Please meet Madame Spooky. Ms. Spooky is a British ex-pat who moved to New York City in the 1930s to attend Sarah Lawrence College. Her father was a newspaper editor in London. Her mother died in a car crash when she was ten. She died a mysterious death while aboard a sailboat with friends off the coast of Martha’s Vineyard, which is still unsolved. Hovering between the world of the living and the dead, Madame Spooky is on a quest to solve her own death. While she roams the world in search of clues, she reports on locations of paranormal interest to the living.
This is an official Findery account focused on all things spooky. Some true and spooky tales include the tale of the Demon Cat that haunts Congress, a story about phone calls received from a dead man in 2008, and a great collection of true crime stories.
We hope you enjoy it, and please follow Ms. Spooky at Madame Spooky. Happy haunting!
You may have noticed that we have a new header on the site as of this morning. We’ve hopefully made searching for a place vs. searching for a person, thing or idea easier, and less confusing — one day we hope to combine these into one search box. There’s also a tiny picture of you when you are logged in, so you can be assured you’re logged in as you.
The footer is basically the same, it’s just different colors! As always, let us know if you find any bugs.
We love Map Your Memories, a project and a book by Becky Cooper. Described by Publisher’s Weekly:
“Maps are more about their makers than the places they describe. Map who you are. Map where you are. Map your memories.” Cooper, writer, cartographer, and a native New Yorker, carefully assembles a surprisingly intimate collection of life stories from her art project, mapyourmemories. Laboriously hand-printing blank maps of Manhattan, she walks the length of the island asking strangers to provide their own narrative of New York. When Cooper receives her illustrated Manhattans, she finds a barrage of personal memories: from humorous insights to confessions, lost loves and childhood reminiscences; the vignettes, through maps, become love letters offering tribute to New York past and present. The maps represent New Yorkers and visitors from all walks of life: MTA employees, students, can collectors, mail carriers, artists, and city planners side-by-side with well-known New Yorkers such as chef David Chang, Yoko Ono, and Harvey Fierstein. New York reveals itself as “simultaneously no one’s city and everyone’s city.” Relationships to the city by those who have lived and loved in New York are interspersed with Cooper’s own history, artful illustrations, and quotes from street encounters. Cooper’s beautiful project linking the lives of New Yorkers is one that will continue to grow.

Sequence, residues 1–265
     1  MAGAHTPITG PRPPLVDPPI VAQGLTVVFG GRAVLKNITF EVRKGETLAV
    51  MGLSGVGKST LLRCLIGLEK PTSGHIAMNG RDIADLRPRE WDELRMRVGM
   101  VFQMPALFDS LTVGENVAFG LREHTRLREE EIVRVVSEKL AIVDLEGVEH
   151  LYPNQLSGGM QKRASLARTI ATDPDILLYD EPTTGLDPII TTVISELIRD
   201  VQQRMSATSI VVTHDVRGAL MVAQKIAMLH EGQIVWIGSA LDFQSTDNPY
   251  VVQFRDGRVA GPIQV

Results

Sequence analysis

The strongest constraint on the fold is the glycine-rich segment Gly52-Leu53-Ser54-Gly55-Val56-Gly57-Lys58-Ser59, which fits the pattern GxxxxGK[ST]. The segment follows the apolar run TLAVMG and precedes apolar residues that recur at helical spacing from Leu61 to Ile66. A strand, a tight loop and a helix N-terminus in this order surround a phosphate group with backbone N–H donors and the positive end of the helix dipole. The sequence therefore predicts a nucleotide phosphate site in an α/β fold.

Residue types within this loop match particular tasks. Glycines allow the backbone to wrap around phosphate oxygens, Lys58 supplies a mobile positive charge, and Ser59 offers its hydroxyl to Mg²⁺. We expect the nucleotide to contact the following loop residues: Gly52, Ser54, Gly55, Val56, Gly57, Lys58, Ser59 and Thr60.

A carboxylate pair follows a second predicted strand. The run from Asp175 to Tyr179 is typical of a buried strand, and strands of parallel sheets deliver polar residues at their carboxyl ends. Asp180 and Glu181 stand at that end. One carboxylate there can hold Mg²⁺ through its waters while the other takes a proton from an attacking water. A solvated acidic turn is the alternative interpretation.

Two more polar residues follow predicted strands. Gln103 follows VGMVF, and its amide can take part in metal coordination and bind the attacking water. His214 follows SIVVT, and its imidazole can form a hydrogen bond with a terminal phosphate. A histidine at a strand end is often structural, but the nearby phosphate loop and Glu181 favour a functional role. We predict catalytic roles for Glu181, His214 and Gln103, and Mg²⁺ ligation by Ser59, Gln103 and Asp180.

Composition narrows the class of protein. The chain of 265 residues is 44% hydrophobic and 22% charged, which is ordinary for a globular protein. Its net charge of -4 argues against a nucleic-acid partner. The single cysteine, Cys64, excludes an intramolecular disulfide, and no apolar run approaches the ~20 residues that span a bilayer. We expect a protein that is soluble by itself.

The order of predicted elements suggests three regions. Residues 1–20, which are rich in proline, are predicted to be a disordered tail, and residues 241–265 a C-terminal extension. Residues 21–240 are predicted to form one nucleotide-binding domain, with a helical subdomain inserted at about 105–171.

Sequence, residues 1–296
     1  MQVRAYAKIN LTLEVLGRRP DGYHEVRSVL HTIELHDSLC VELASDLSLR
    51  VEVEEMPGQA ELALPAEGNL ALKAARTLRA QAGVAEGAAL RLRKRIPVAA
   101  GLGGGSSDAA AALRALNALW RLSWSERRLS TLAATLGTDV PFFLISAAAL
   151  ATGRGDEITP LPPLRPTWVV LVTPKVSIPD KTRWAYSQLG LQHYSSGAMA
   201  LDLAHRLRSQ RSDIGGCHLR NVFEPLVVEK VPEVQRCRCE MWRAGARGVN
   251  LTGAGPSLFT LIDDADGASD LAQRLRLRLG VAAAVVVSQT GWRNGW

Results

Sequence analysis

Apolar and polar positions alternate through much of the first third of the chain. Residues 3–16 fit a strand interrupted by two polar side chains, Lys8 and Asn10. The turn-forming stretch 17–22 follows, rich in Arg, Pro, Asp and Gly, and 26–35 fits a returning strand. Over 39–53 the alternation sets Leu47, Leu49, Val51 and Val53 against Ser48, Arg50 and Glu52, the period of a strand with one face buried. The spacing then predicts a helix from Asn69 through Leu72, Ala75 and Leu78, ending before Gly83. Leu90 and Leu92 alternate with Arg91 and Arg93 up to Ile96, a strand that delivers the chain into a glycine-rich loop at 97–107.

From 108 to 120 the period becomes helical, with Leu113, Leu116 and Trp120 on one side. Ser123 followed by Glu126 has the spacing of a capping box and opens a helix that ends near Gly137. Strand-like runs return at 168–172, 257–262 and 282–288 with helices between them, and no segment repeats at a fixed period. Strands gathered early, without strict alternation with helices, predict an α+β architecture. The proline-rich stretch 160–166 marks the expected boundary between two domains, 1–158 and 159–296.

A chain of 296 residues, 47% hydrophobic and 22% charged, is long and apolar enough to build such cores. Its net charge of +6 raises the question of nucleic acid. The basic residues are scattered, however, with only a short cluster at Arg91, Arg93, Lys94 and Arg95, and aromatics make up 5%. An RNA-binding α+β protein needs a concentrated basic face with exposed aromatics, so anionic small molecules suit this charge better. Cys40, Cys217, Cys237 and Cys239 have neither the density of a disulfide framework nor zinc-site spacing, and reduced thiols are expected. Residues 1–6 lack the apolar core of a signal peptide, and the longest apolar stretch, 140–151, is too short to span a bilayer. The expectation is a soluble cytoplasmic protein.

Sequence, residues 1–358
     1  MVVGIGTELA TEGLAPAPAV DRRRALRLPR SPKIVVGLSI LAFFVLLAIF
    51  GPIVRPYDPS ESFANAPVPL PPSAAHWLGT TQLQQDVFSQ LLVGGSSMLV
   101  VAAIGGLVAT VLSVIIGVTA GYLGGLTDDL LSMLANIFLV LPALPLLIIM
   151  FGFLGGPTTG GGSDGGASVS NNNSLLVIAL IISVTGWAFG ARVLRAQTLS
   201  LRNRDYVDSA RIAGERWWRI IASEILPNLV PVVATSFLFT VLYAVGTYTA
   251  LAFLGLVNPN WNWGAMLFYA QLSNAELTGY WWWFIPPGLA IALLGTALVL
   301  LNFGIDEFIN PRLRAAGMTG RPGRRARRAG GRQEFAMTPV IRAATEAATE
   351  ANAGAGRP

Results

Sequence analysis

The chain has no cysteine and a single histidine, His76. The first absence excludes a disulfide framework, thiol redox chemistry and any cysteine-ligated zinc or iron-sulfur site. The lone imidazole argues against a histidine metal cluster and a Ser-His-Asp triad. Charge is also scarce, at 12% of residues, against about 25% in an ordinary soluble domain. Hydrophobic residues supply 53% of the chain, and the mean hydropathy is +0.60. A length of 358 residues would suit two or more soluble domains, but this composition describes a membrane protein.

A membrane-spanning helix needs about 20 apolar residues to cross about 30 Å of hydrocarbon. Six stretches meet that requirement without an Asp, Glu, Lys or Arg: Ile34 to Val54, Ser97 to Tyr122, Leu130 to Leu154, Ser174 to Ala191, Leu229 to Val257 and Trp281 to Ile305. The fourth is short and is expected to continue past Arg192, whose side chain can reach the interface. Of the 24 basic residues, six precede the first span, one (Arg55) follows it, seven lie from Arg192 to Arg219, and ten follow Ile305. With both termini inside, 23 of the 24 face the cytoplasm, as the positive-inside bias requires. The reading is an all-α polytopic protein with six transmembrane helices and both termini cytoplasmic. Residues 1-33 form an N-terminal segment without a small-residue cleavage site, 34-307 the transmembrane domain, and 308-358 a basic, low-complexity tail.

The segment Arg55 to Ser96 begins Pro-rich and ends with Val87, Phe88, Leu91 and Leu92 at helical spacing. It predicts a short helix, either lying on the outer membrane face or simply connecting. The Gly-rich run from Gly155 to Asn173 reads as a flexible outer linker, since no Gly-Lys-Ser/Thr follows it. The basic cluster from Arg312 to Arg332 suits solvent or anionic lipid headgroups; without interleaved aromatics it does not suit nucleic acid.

Check out our new Daily Challenges! We're creating daily prompts that will illuminate, intrigue, inspire, or (infrequently) surface memories of bad haircuts or that horrible date, via our Findery account. If you'd like to receive an email reminder, there's a new list for that. You can subscribe here, or opt-in via your Settings page.